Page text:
How commercial are impact films?

Analysis of the US box office (the strongest market for documentaries across the world) indicates that impact docs perform on a par with non-impact independent docs. Every year some of them take over $1 million. This is probably why every year distributors take an interest in a few of them.

The vast majority of great documentaries don’t reach these numbers though. Most don’t have a full theatrical release but go straight to non-theatrical, TV and online. There are many ways for films to reach the right audiences. Ping Pong - which followed a group of over-80s table tennis champions and challenged the expectation that the elderly would live sedentary lifestyles - never had a theatrical release, but it did manage to reach an important audience through DVD screenings in over 2,000 care homes.

The next two graphics demonstrate two things:

  • that impact films can be very commercially successful
  • but they don’t need to be huge moneymakers to have huge impact

Impact vs Non-Impact docs

Top 10 independents 2012-13 taken from Box Office Mojo

Impact Non-Impact
Bully $3,495,043 20 Feet from Stardom $4,934,900
The Gatekeepers $2,415,727 Searching for Sugarman $3,606,196
Blackfish $2,073,582 Samsara $2,672,413
Girl Rising $1,696,494 Jiro Dreams of Sushi $2,552,478
Chasing Ice $1,328,000 Queen of Versailles $2,401,999
Inequality for All $1,205,273 Stories We Tell $1,600,145
Burn $1,109,276 Marley $1,413,480
56 Up $701,278 Tim's Vermeer $1,249,000
Ai Wei Wei: Never Sorry $534,100 Diana Vreeland $1,017,579
Act of Killing $484,221 First Position $1,014,071
Average $1,504,299 Average $2,255,226


Impact Award Finalists

Lifetime Theatrical Gross for Impact Award finalists taken from Box Office Mojo

Bully $3,495,043
Blackfish $2,073,582
The Act of Killing $486,919
The Interrupters $282,448
The House I Live In $210,752
American Promise $146,702
The Invisible War $71,968
Granito $43,942
Give up Tomorrow $0
No Fire Zone $0


Each of these Impact Award Finalists had an extraordinary impact, was deeply loved by fans and honoured by film industry peers and society leaders. But commercial success is fickle and filmmakers are advised to make robust plans and partnerships for getting their films into the world, whether or not lady luck strikes.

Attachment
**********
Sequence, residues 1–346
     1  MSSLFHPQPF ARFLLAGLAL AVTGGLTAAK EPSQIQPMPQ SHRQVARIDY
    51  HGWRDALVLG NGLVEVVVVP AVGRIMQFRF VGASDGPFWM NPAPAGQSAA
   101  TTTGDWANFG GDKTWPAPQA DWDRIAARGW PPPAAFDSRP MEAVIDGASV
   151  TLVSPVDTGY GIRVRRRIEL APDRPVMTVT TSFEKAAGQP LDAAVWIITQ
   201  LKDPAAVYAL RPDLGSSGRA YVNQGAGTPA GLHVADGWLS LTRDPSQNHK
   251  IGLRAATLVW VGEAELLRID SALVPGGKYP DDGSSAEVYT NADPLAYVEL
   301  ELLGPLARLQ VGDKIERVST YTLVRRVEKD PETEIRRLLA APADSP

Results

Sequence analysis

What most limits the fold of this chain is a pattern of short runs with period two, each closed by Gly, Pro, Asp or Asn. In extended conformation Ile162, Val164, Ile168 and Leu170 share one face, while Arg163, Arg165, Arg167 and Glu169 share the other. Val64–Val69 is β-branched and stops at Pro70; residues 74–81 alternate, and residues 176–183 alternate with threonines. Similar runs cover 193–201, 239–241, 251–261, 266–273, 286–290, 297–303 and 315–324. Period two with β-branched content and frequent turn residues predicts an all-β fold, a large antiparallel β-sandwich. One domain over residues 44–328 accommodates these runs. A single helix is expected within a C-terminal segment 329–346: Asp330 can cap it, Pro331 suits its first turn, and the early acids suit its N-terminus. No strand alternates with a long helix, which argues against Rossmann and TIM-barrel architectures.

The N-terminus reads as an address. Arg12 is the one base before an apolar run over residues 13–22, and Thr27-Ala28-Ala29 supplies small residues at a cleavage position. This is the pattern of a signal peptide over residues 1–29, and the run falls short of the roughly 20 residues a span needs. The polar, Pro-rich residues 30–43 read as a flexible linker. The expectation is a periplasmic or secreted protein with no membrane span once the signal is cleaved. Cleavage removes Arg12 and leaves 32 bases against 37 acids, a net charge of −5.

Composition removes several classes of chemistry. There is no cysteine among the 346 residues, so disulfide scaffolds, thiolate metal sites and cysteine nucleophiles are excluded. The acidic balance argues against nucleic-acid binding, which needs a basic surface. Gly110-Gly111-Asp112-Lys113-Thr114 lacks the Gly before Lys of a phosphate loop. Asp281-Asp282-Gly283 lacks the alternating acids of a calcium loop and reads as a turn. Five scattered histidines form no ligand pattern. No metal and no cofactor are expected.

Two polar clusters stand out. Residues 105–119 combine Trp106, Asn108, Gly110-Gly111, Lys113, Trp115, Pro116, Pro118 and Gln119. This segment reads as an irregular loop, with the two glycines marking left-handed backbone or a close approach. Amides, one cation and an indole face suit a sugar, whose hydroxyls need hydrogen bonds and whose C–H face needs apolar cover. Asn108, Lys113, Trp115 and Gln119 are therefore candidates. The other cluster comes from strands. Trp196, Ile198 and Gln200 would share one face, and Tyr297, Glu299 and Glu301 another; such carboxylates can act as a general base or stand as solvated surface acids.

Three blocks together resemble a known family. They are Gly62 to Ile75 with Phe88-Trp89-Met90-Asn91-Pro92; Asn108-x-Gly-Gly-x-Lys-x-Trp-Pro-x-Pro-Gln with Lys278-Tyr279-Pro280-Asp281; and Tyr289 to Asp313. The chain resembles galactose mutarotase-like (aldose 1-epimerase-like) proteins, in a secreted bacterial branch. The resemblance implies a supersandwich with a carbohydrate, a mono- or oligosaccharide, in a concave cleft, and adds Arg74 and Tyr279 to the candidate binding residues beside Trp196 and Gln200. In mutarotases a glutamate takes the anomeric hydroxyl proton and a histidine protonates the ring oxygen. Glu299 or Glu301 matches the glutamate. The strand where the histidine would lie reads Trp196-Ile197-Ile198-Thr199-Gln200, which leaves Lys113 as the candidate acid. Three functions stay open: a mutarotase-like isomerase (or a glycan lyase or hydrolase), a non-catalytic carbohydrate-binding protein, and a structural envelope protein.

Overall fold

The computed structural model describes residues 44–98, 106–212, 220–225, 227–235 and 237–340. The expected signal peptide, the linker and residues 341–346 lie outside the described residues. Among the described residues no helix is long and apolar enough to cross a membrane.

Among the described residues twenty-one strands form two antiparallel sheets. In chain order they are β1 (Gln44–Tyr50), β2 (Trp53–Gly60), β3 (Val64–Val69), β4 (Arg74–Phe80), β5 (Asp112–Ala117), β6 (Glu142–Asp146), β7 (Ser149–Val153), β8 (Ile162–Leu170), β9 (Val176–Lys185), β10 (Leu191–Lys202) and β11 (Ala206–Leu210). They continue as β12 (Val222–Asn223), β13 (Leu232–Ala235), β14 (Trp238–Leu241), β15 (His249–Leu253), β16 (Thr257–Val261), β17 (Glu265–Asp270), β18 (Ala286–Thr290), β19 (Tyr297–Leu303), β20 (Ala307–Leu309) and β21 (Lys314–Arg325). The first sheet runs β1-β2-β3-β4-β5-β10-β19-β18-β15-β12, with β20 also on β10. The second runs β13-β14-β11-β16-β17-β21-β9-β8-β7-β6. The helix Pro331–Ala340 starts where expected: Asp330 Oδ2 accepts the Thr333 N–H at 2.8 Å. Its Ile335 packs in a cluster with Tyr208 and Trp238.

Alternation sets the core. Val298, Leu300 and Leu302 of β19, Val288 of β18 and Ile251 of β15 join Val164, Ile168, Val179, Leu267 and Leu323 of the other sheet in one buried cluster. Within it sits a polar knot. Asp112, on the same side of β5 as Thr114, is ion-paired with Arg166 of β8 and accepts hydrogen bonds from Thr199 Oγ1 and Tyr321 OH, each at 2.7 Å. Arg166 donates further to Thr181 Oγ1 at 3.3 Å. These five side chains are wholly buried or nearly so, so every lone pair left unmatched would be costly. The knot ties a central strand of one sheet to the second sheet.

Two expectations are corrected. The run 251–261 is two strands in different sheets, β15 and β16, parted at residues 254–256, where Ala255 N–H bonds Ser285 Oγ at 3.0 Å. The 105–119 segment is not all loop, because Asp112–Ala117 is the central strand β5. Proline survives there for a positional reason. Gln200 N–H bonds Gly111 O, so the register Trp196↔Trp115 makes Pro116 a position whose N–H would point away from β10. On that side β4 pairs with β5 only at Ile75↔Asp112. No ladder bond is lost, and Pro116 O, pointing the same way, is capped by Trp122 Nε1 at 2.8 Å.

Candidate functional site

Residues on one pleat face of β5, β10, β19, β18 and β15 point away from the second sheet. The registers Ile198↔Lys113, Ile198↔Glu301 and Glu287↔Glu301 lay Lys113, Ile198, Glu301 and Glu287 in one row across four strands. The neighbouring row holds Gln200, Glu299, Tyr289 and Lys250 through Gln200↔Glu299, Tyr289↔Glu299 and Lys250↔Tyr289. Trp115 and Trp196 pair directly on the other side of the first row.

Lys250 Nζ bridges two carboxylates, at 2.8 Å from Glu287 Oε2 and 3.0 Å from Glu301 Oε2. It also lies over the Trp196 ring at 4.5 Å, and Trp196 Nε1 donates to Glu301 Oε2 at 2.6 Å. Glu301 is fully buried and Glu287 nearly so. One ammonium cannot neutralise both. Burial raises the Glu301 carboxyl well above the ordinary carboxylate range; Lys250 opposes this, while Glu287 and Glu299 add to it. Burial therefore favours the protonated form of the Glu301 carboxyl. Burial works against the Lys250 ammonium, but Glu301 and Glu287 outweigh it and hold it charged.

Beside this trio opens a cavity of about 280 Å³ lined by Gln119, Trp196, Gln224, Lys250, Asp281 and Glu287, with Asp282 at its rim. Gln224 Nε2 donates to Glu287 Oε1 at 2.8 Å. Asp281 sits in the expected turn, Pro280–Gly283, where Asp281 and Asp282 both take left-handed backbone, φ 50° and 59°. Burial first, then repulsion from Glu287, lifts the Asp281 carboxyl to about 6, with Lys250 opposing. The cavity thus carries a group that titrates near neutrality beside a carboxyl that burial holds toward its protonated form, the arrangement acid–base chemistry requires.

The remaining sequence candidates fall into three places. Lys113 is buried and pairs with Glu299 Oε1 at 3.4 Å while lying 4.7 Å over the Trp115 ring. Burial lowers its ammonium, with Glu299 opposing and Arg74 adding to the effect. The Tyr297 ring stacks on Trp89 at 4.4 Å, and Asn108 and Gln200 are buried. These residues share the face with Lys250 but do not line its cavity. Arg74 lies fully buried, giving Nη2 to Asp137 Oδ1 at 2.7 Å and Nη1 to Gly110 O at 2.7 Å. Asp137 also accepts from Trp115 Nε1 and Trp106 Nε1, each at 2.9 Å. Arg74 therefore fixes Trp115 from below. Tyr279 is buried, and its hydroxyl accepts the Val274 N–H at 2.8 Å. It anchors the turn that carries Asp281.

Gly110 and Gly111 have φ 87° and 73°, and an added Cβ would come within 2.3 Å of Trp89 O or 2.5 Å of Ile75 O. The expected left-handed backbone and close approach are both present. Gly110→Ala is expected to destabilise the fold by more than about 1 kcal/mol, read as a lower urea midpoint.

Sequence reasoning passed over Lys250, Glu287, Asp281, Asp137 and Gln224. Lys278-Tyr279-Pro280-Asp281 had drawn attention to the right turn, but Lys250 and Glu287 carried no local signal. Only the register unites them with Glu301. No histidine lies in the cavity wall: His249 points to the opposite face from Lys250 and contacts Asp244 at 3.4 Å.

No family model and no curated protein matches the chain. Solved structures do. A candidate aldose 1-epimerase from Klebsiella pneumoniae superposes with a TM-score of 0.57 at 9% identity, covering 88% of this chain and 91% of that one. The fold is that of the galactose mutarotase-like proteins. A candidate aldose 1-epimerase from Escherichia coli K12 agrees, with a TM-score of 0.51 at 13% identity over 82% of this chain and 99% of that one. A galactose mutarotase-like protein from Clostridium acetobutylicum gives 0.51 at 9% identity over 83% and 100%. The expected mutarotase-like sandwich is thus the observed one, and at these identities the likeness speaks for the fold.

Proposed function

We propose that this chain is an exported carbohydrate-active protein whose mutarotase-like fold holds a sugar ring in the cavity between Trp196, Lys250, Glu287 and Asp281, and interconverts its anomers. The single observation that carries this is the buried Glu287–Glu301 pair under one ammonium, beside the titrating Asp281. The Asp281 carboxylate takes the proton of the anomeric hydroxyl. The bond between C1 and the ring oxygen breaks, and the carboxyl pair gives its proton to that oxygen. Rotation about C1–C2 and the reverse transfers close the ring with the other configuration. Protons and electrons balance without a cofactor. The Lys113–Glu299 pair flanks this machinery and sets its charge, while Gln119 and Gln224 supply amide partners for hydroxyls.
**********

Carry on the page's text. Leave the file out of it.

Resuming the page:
As this beautiful graphic from Chris Tosic reminds us - not everything beautiful and worthwhile will make money. Our mission is to find ways to make sure the best work can reach the right audience and be a sustainable practice for artist filmmakers.

Impact Films

This is not a new problem. The truth is it’s always been tough to get an independent film to market. Documentary filmmakers have always been at the vanguard - reinventing distribution models, determined to reach audiences no matter what the gatekeepers say.

US distributor New Day Films was formed 40 years ago because the women’s movement had arrived and a group of independent filmmakers couldn’t find distribution for their feminist films:

“We met at the 1971 Flaherty Seminar, where some of our films were programmed,” recalled founding member Amalie Rothschild. “I was in production with It Happens to Us. I'd been trying to get distribution for Woo Who? May Wilson. I'd take it to non-theatrical distribution companies and they'd say 'It's wonderful, dear, we really like it. But there's no audience...’”

Sound familiar?

Geek Out: Ideas for further reading


Made byDoc Society Made possible by: Ford Foundation - Just Film Bertha Foundation Sundance Institute Knight Foundation